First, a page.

My buddy Clint Green and I traveled to the Wichita Mountains in SW Oklahoma today and planned on running 10-12 miles on the trailz there. I had drove through the area a month ago, and had a fairly good idea of what was there.
We parked at the Dog Hollow trail head, and with no grand fanfare other than Clint waving, we took off.
The first leg of the trail connected us to the big loop, and was a little overgrown in places By the time we hit the first bridge though, the trail was much more defined for the most part.
We ran on granite rocks, and crushed granite chat. It looked like a perfect place to find a rattlesnake sunning in the mid 60 degree sunshine, but we never saw one.
My knee seemed to be cooperating, and while I was not setting any land speed records, I ran some and shuffled some, and walked the technical sections.
There were sections worse than this and in places it seemed like walking through a hallway of embedded bowling balls.
I knew from passing through the preserve last month that there were a few small lakes, but there were far more of them than I thought. This area considered by some to be dry desert landscape, is peppered with canyons and old man-made dams creating deep picturesque channels.
The trail showcased this canyon. There were hikers who had found there way down to the waters edge, but we stayed on the main trail near the top.
One wrong step would have been bad!
This was the highlight of the loop. I was amazed at these canyons.
About that "one wrong step" theme--falling down would be bloody from prickly pear cacti as well as the rough boulders.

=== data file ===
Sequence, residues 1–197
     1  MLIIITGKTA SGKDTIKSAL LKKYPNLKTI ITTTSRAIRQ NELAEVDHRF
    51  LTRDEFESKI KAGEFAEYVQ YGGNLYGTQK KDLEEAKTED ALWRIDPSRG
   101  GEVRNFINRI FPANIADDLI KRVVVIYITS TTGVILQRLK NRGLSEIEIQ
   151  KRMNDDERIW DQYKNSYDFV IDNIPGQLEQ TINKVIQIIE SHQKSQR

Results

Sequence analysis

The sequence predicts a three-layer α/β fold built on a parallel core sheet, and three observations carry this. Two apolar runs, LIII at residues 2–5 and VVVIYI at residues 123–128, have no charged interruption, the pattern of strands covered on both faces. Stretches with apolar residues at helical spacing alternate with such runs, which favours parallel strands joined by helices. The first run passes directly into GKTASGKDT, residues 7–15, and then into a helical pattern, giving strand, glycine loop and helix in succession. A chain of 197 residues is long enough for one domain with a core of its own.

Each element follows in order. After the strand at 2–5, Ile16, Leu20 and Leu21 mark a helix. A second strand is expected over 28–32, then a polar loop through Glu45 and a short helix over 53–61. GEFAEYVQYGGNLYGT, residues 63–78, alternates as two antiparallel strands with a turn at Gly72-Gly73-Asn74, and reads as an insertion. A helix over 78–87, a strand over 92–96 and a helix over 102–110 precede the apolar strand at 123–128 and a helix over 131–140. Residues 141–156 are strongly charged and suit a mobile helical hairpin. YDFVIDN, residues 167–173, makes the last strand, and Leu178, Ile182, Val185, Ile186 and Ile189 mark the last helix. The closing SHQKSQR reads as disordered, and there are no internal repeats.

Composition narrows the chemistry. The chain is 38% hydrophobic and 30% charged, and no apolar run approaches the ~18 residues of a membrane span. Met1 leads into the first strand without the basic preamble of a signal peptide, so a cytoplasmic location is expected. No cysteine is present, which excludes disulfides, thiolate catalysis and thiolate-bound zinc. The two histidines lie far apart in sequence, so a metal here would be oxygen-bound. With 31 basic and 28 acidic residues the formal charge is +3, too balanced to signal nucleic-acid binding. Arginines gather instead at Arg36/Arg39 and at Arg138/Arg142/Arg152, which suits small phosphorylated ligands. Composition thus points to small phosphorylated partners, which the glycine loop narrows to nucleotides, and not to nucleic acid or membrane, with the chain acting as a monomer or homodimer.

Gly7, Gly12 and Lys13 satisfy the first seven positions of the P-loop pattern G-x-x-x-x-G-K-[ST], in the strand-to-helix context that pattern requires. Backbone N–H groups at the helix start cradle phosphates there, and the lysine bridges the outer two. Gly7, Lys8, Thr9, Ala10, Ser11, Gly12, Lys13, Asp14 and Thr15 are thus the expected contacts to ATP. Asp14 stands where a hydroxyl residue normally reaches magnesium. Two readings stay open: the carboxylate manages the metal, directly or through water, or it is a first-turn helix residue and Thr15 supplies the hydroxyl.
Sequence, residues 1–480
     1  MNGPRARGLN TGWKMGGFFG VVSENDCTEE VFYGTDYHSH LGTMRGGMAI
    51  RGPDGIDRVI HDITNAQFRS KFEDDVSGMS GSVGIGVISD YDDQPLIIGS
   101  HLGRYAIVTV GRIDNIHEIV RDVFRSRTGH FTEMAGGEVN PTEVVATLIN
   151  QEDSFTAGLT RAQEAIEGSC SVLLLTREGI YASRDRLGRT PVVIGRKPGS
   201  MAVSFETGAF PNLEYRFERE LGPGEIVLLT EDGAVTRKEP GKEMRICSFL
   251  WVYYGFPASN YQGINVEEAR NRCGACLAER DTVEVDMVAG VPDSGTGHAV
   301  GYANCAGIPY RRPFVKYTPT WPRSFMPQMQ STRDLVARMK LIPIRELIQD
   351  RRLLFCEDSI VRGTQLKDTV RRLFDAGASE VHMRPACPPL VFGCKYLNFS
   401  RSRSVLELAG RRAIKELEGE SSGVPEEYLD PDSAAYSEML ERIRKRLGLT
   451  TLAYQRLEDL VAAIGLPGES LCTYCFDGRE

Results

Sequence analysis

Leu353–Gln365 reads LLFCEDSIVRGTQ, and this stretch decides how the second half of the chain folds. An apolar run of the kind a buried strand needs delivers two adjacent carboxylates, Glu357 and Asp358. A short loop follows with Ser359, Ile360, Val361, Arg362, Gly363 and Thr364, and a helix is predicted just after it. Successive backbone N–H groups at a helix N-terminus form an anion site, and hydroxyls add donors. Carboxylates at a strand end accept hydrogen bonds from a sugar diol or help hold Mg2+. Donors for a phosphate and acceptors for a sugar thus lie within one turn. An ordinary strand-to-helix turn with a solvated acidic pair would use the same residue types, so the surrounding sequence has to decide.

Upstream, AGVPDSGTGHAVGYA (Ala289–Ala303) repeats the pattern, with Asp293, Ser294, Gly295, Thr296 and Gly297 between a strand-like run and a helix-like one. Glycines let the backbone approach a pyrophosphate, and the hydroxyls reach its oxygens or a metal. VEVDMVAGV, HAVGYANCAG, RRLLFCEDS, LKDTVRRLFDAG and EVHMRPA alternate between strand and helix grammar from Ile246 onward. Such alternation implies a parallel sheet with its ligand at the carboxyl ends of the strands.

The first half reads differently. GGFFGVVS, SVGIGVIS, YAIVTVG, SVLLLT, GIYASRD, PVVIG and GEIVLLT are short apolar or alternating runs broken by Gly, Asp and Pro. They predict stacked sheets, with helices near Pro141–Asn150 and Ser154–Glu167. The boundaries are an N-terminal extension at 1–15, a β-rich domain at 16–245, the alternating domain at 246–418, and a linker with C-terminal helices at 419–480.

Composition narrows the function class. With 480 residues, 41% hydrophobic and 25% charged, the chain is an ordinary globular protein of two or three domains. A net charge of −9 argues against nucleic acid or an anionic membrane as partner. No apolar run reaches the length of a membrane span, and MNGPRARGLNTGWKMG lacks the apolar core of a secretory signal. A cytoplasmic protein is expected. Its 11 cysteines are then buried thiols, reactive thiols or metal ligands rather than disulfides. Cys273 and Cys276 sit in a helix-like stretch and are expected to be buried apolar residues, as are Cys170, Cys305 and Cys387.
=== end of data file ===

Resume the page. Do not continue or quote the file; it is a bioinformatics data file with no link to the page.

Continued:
Here's another of the many dams--this one made of rocks gathered from the area. Most of these dams were built in the 20s and 30s.
The trail turned back north at around mile 4. Running across the prairie was enchanting. Both Clint and I mused how this most of this area has looked exactly the same for years--maybe centuries. Two or three of the small black dots in the horizon were buffalo. I zoomed in and of the several pictures I took, this was the best.
We walked across this dam. Clint said he saw trailz on the other side--probably rogue trailz.
We got in a rhythm through this section and ran it with very few walk breaks.
French Lake--the last one on the loop. There were paddleboaters, kayaks, anglers, and hikers abundant. We were the only trail runners.
A small loop--the Elk loop I think--comprised the northern end of the loop. It was very well maintained and the stay boulders were moved to make a border. This was nice running.
Eventually we reached the spur that took us from the main loop back to the car. After 6 miles, I started having occasional knee twinges which I cautiously ignored. But when I had three consecutive ouchie footfalls, I told Clint I needed to walk the last half mile in.
No real harm done to knee. I did a rubdown hopefully ridding my legs of any chiggers, and drank an Angry Orchard that Clint brought. We decided to postpone the remaining planned running to a future trip, and headed to Meers for a famous Meers-Burger.
The burger did not disappoint, but the fries were not so great. But Meers is the place to go for lunch after a run in the Wichitas. Another trip coming soon. :-)